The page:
I did wear my Rocky's hiking on Saturday and was pleased with their performance.
Footwear was Smartwool Merino liner socks, Rocky Socks, Innov-8 Terroc 330s, REI Low Trail Gaiters.
Conditions were 40-45 degrees with intermittent snow and fairly strong wind along the ridgetops.
Trails had a lot of standing water and squishy mud with snow in spots. Several stream crossing toward the finale..
Stepping in water while wearing the Rocky Socks was kind of an odd feeling. My feet got briefly cold, and I felt the squishiness, giving me the feeling that the socks had failed and water leaked through. My feet would quickly warm up again, and the squishiness quickly drain away. My feet never felt uncomfortable as far as fit went. I wore a size 13 sock and I wear size 12.5 shoes. I probably could've worn a size 12 sock, but I sized up one so I could fit a heavier sock in there for winter hiking, and had no issues with bunching at the toe or heel.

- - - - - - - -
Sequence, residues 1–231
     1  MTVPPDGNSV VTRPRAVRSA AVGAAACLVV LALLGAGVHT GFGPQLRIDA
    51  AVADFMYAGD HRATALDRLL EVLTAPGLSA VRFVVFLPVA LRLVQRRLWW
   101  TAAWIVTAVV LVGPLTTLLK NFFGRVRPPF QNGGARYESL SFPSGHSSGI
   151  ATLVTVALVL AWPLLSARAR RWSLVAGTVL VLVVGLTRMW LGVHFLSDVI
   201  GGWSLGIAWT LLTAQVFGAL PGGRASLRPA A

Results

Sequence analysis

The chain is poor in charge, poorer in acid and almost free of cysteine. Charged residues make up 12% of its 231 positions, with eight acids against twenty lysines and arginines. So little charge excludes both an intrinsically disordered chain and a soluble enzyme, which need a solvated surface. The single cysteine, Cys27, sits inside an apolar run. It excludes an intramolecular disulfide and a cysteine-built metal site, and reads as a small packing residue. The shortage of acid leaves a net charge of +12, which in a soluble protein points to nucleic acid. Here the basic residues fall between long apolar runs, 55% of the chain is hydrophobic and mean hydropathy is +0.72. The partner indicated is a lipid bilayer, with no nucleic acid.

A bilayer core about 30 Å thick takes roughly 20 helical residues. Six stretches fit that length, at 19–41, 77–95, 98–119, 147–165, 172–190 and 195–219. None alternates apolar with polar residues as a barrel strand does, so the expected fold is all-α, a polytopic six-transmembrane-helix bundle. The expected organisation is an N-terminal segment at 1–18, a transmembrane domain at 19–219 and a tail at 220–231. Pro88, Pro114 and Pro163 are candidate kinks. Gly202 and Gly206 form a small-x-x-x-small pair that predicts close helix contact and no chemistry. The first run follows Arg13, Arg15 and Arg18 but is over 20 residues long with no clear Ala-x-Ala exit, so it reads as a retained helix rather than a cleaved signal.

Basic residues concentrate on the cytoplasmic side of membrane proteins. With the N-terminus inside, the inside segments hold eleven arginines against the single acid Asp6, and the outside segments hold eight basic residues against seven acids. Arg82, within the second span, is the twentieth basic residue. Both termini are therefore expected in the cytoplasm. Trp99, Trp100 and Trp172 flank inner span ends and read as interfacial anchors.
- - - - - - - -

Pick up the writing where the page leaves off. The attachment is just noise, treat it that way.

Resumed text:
Right at the end of my hike, I slipped crossing a stream a bit too deep to just wade across and briefly dunked both my feet well above the tops of the socks. I was sure I'd end up with flooded socks, but the combination of the socks, with the gaiters over the top of them, plus my Marmot precipt pants over the tops of the gaiters prevented any leakage in the moment my feet were underwater.
When I finished my hike and removed my socks, I was impressed with how little dampness there was in my merino liners. I was expecting swampy feet but that wasn't the case.
I like this system for the two times I've used it, and I guess it will be a matter of how many miles the socks hold up for(18 miles so far).
If I'd spent the night, my plan was to change into dry socks at camp, put my feet in plastic bags to protect the dry socks from the moisture inside the Rocky socks, put the Rocky socks back on, and then my wet shoes.